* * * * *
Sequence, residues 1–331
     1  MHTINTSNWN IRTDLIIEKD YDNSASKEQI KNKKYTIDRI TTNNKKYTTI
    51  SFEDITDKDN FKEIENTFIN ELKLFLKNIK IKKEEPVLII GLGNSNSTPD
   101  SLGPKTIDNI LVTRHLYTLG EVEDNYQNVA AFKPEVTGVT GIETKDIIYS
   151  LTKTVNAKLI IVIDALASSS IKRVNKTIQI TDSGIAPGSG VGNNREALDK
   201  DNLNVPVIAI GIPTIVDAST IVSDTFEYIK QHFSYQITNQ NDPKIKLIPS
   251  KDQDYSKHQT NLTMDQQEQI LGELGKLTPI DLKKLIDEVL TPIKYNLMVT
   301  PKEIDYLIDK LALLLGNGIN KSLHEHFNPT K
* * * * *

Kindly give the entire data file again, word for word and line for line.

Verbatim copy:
Sequence, residues 1–331
     1  MHTINTSNWN IRTDLIIEKD YDNSASKEQI KNKKYTIDRI TTNNKKYTTI
    51  SFEDITDKDN FKEIENTFIN ELKLFLKNIK IKKEEPVLII GLGNSNSTPD
   101  SLGPKTIDNI LVTRHLYTLG EVEDNYQNVA AFKPEVTGVT GIETKDIIYS
   151  LTKTVNAKLI IVIDALASSS IKRVNKTIQI TDSGIAPGSG VGNNREALDK
   201  DNLNVPVIAI GIPTIVDAST IVSDTFEYIK QHFSYQITNQ NDPKIKLIPS
   251  KDQDYSKHQT NLTMDQQEQI LGELGKLTPI DLKKLIDEVL TPIKYNLMVT
   301  PKEIDYLIDK LALLLGNGIN KSLHEHFNPT K